3. Clustered and Stacked combo
Consider the example where a month-on-month comparison of the sales and returns for three products - Bags, Clothes, and Shoes. With the basic chart, the comparison needs to be analysed using 2 different charts. In the below example, the one chart shows the Unit Sold and another Unit Returns.
Whereas in Multiple Axes chart it is quite easy to compare the value in one chart.
The number of Units Sold is displayed on the left Y-axis, while the number of Units Returned is shown on the right Y-axis. For each month, there are two columns - the left column represents Units Sold, and the right column represents Units Returned. These columns are then clustered together to provide a comparative view. The three products are stacked together in each column to offer a comprehensive view of Units Sold and Units Returned for each product. This type of representation is made possible by the Cluster and Stacked feature of a multi-axes chart.
4. Column and Multiple lines on different scales
Consider an example where the visualization displays a month-on-month comparison of Orders received and Total Revenue generated based on the number of customers. Customers are in Thousands, Orders in Hundreds, and the Total revenue in Millions. In the basic chart, the common scale is used for values which makes it difficult to analyze the numbers and result in flat appearance.
In the Multiple axes chart, the Customer’s metric is represented as a Column as the primary Y-axis (Value axis 1), while the Total Revenue and Order metrics are shown as Line as secondary Y-axes (Value axes 2 and 3, respectively), where the Total Revenue is in Millions, while Orders is in hundreds and Customers in Thousands. Therefore, in such cases, each metric should be given a different scale. The chart provides five different scales to add data, and any scale can be used to represent the data.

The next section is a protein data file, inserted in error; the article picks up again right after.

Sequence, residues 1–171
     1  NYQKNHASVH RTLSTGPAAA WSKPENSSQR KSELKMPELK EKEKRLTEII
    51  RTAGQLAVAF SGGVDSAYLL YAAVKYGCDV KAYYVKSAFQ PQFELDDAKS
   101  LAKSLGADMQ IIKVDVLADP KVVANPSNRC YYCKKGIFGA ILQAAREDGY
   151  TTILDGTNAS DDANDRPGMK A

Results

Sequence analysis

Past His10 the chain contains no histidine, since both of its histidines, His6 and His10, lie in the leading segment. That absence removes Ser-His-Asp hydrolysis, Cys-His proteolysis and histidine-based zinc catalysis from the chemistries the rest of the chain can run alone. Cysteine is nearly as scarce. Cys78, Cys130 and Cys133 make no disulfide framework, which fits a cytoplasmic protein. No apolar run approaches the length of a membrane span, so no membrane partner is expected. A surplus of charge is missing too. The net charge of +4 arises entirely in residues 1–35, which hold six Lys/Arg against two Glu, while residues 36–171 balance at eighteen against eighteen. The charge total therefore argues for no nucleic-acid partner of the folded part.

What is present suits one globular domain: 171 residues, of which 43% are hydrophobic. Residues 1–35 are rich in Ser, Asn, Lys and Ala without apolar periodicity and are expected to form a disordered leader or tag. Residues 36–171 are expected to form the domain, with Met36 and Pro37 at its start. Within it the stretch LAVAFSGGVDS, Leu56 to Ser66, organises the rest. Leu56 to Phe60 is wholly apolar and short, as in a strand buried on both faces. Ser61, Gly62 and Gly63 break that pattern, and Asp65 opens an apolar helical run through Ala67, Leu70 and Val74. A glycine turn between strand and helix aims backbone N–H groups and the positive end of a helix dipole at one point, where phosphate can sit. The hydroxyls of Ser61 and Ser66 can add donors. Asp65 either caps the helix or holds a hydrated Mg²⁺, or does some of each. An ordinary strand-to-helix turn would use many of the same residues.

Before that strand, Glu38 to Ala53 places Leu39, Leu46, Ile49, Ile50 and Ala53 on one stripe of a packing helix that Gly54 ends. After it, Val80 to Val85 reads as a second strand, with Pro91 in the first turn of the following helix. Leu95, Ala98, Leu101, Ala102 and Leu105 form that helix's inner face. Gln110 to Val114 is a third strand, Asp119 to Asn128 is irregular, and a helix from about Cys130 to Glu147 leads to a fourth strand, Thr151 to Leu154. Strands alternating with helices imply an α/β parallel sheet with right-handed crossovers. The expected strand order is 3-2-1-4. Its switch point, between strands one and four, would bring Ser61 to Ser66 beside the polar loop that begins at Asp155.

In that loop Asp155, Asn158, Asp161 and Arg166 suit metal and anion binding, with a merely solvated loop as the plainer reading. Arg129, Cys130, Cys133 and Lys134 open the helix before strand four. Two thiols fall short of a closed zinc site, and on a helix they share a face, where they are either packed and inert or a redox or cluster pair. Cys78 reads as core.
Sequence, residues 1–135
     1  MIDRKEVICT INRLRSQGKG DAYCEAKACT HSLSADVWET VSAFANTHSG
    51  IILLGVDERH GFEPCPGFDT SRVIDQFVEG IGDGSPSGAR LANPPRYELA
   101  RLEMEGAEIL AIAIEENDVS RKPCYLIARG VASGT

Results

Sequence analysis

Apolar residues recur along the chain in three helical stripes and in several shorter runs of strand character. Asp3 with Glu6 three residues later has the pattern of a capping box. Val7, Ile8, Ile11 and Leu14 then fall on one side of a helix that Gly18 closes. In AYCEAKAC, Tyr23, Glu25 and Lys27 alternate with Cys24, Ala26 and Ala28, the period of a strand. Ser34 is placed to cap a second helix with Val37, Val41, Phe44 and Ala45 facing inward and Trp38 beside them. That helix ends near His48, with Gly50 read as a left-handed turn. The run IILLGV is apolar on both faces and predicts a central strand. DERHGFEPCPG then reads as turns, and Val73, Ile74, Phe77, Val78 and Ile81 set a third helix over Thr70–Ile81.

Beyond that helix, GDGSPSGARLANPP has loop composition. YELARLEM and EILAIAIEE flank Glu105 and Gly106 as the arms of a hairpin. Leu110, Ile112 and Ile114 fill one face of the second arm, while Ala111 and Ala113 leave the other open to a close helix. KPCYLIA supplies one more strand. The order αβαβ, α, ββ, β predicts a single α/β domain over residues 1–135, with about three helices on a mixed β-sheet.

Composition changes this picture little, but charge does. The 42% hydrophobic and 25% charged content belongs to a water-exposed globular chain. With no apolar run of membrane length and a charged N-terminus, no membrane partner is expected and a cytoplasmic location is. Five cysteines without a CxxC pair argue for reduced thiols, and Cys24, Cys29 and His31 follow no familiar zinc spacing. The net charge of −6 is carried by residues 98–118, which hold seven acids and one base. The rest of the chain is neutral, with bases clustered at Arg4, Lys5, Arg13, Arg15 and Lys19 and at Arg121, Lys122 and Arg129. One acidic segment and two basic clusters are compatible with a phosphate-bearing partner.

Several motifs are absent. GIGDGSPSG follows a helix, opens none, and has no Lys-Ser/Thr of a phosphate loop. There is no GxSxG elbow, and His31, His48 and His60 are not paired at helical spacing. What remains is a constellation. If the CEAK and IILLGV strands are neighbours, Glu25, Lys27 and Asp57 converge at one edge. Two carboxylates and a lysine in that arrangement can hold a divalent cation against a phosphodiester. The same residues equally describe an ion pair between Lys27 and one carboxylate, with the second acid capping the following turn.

5. 100% Stacked Area
Area charts are an effective way to visualize dense data over time. One useful variation of the area chart is the 100% stacking, which provides a part-to-whole representation of the data, highlighting the contribution of various categories over time on the horizontal axis. Additionally, the visual can also incorporate a spline variation using the Area Percentage Stacked option, giving the area visualization a curvy style.
The basic Chart support Area stacked chart where it does not support the 100% stacking on area.
100% stacking makes easy to analyse the quantity of % data is divided.
In the Multiple Axes chart, the axis on the chart represents a year-wise comparison of different categories, including Computer Stores, Corporate, Gift Stores, Novelty Shop, and Super Market. These categories are represented as an Area 100% stacked chart, providing a visual representation of the proportion of each category's contribution over time
The multiple axes chart, also known as a combo chart, offers 20+ different combinations using the different configurations. Check out this blog for a detail understanding of the different use of combinations.
Try out the xViz Multiple Axes Chart visual from Microsoft AppSource.